Niche Passion: How to Find Work You Love

My weekly post on Seattle 2.0.

Most of us are not lucky enough to know what we want to do with our lives.  Everyone knows someone fortunate enough to have discovered work they enjoy (the few who don’t complain about their job). More often than not, these satisfied workers have careers like doctors and engineers. They find their passion because it is highly discoverable and socially acceptable.

The rest of us are left to find our niche passion. If we don’t encounter what we want to do, how will we ever do it? Imagine someone whose destiny is to play the violin, but never takes a lesson. Many are forced to choose their career before they are ready (the second year of college). And so it’s no surprise that so many people give up on finding what they love for a career that pays well, and then drink and watch television to pass the time.

What many people fail to realize is while we don’t know what we want to do, we do know what we don’t want to do. We know when something feels wrong. Unfortunately, we usually ignore this instinct. If you don’t like your job, society tells you to toughen up and get used to it. In actuality, this desire for change is your one and only guide to happiness.

I worked at Microsoft for 4.5 years. I knew it wasn’t what I wanted to do with the rest of my life, and I knew that one day I wanted to pursue an internet startup. I thought Microsoft would be a perfect place to explore various roles and areas. And so I joined the ranks of Microsoft, and waited for my passion to present itself. After the excitement wore off, I ignored my dissatisfaction with my job, and I completely lost sight of what I really wanted to do.

When I was young, I wrote “don’t forget you’re alive” all over the front of my journals. I thought a lot about how teenagers were so passionate, and adults were so boring. I wanted to figure out the moment where passionate teenagers became adult drones. If I could remain conscious, it wouldn’t happen to me. And then I started working, put my journals in a box, and stopped listening to the voice inside me that wanted more.  When I started at Microsoft, it was a great experience for me and I learned and grew. But years later I found myself a business analyst, far from the creator of an innovative product that I wanted to be. Leaving was the most difficult decision I’ve ever made, but I haven’t had a moment of regret and now it seems completely rational.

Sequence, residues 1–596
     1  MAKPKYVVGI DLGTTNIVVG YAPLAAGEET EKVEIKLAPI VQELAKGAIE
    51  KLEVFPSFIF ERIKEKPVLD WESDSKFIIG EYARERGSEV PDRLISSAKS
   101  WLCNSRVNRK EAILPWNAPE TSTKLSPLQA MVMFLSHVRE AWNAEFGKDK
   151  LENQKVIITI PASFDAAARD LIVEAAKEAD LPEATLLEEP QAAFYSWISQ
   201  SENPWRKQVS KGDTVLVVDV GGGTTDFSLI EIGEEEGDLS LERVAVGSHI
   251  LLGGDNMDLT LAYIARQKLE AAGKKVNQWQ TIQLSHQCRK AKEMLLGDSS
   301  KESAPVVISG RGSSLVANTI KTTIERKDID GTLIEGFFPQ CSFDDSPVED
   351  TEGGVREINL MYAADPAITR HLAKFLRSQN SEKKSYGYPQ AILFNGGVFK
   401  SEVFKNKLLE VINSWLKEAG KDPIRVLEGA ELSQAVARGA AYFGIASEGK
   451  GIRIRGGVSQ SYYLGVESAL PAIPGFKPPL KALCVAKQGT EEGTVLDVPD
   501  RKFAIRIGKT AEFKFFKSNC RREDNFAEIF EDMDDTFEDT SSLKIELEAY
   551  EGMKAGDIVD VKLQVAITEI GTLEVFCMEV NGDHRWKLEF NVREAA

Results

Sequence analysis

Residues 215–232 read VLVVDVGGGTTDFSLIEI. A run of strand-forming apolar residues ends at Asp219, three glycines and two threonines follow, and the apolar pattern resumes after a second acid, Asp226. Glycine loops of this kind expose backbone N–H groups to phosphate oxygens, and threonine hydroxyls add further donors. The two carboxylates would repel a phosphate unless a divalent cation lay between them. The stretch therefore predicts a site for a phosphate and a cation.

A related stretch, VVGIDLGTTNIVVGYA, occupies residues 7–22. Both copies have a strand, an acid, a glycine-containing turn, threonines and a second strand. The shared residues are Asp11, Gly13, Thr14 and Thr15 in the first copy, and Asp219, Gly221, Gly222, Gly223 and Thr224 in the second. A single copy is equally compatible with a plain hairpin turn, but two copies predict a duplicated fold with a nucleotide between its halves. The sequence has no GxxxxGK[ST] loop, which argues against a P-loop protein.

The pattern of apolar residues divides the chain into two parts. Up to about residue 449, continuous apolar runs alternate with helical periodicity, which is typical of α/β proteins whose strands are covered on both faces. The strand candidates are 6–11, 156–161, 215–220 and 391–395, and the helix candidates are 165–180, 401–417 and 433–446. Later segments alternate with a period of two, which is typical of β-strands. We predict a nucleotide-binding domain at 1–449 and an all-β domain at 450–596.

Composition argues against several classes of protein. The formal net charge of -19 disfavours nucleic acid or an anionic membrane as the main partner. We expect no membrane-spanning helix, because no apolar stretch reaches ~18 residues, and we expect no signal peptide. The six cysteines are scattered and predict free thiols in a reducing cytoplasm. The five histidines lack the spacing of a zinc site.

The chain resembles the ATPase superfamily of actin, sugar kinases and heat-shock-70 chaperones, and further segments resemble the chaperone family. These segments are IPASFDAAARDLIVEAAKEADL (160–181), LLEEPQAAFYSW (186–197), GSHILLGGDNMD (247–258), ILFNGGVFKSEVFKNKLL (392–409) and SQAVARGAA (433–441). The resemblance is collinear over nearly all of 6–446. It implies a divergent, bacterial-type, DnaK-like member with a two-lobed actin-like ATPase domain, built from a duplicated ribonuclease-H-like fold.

I’m not saying everyone should quit their jobs and start a company. What I’m saying is that everyone should pay very close attention to the feeling that something is not right in your life. If you’re ever going to find work you love, it’s this voice that will be your guide.

My favorite blog post from Chris Dixon is titled Climbing the Wrong Hill. In it, he asks “How can smart, ambitious people stay working in an area where they have no long term ambitions?” He provides an analogy using a computer science problem where you are placed in hilly terrain, and need to climb to the top of the highest hill. The solution is not to simply go upward, because that would just take you to the top of the hill you’re on, which isn’t necessarily the tallest. Yet even those who know they’re on the wrong hill often feel the need the keep climbing upward. His conclusion: “People early in their career should learn from computer science:  meander some in your walk (especially early on), randomly drop yourself into new parts of the terrain, and when you find the highest hill, don’t waste any more time on the current hill no matter how much better the next step up might appear.”

There are two points here. First, if you haven’t found your thing, you should keep trying new things. It’s never too late to learn something new and make a change. Second, if you know that what you’re doing is not right, stop doing it. You don’t have to know what you want to do – you just need to do something different. Rinse, and repeat.

Looking back on my life, what makes me happy is seeing that I grew and progressed. My life has continuously improved over time, and when it didn’t I made a correction. Each day gets better. My problem at Microsoft was that I didn’t make a change when I stopped growing. Even after you succeed, you should continue to grow and take on new challenges. Anyone just focused on “success” or “winning” will not know what to do with the rest of their life if they achieve it. So focus on climbing your own hill, not anyone else’s, and keep checking your altitude – especially when you think you’ve reached the top.


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